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Is change the biggest change impacting brands in China?

 

UMS CEO Jessica Miao reflects on the biggest change in China’s digital marketing landscape.

 

This week I was asked to present as part of a Digital Marketing Insights event co-hosted by the Chambers of Commerce of Australia, Britain, Canada, Switzerland and Benelux. The event featured Chinese marketing leaders discussing the opportunities for marketers to engage with Chinese consumers.

 

One of the questions posed to me was to share my thoughts on “one major change” that I believe has happened recently in digital marketing in China.  I thought I would share my response.

 

While I have witnessed a number of significant trends in recent times in China, such as:  Mobile, Short Video and Social Commerce, all of which have exploded in the China market in recent times, there is one major change I feel eclipses all of these trends. And that is change, itself.

 

Change in China is a constant. Everyone will tell you that nothing moves as fast as it does in China. A brand can launch, explode, go mass market and subsequently disappear within months.

 

 

A great example of this is Mobike and the share-bike trend. Just 12 months ago it was virtually impossible to move in China without tripping over one of Mobike’s bright orange coloured bicycles. The brand was rolling bicycles into cities across China and around the world. The trend was huge, the market was fiercely competitive and everyone was talking about the brand.

 

Now, one year later, the share-bike trend has relaxed back to an occasional convenience. Consumers have largely returned to their own bicycles, taxis, buses, trains. As for Mobike, the company has been acquired by Meituan.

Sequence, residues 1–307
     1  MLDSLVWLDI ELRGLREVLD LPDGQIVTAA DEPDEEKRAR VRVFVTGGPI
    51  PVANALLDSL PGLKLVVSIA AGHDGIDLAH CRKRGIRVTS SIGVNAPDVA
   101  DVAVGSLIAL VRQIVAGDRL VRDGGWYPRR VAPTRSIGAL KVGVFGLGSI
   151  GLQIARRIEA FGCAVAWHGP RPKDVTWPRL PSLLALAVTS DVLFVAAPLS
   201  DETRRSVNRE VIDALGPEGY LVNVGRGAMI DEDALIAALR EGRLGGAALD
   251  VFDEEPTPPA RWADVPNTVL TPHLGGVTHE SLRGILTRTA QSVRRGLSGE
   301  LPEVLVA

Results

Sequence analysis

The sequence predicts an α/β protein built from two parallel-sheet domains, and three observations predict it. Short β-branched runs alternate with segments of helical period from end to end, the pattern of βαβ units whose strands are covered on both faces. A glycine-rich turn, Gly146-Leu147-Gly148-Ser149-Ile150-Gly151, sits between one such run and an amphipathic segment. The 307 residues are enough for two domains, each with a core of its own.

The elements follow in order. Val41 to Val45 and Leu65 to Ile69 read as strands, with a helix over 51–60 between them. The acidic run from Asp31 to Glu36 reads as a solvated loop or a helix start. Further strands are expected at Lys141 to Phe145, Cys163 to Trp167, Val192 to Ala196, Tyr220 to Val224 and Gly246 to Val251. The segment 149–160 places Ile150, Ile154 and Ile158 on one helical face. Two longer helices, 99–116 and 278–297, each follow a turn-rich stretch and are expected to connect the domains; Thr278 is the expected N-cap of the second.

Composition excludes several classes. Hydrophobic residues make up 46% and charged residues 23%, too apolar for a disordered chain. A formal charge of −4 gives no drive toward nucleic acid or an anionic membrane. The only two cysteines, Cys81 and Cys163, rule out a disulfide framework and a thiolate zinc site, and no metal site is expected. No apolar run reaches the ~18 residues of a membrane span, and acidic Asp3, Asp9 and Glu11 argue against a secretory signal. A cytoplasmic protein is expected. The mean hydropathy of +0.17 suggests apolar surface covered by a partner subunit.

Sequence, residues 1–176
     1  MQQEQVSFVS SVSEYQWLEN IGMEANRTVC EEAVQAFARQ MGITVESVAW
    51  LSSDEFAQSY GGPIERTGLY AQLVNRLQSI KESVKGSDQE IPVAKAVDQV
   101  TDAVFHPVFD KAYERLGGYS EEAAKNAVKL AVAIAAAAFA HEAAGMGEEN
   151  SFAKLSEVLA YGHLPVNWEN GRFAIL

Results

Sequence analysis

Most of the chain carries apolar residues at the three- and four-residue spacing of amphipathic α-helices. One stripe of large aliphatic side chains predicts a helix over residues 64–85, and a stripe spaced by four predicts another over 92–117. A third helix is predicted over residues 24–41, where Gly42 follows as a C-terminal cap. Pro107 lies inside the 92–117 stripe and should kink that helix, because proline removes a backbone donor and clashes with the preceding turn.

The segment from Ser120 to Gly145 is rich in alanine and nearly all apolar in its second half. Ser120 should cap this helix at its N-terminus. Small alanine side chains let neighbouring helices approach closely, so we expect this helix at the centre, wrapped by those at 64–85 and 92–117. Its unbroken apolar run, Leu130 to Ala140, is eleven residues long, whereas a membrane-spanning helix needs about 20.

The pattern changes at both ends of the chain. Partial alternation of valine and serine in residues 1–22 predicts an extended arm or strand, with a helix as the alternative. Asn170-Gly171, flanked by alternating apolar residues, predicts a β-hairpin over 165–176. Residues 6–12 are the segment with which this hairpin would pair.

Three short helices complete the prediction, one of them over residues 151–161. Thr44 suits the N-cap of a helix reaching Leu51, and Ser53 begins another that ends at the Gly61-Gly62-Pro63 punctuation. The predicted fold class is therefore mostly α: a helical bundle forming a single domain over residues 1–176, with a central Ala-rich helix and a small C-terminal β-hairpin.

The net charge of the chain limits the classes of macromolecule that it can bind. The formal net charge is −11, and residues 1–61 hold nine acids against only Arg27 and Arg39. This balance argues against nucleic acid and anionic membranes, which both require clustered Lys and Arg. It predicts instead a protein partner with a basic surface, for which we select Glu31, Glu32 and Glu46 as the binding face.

It’s a perfect illustration for how quickly the market changes and how fickle the Chinese consumer is towards change. It is a constant and the unrelenting pace means consumers do not waste time pondering the past, it is all about the present.

 

So, what does this mean for brands?

  1. It is crucial to always keep up-to-date with the new trends and behaviours being adopted by your target audience
  2. Prepare your business structure to make quick decisions and respond faster to changes in the market
  3. Invest in running test and learn programmes to try new ideas and gain insights
  4. Remember the 4Cs: Community, Content, Channels & Commerce. To build a successful brand in China, you need to create and maintain a community of consumers who are interested in your brand and your products. You must create compelling or entertaining content to help build trust, loyalty and engagement with the community. You must select the right channels to reach your target audience, and you must create seamless pathways to commerce platforms, in order to convert the community into sales.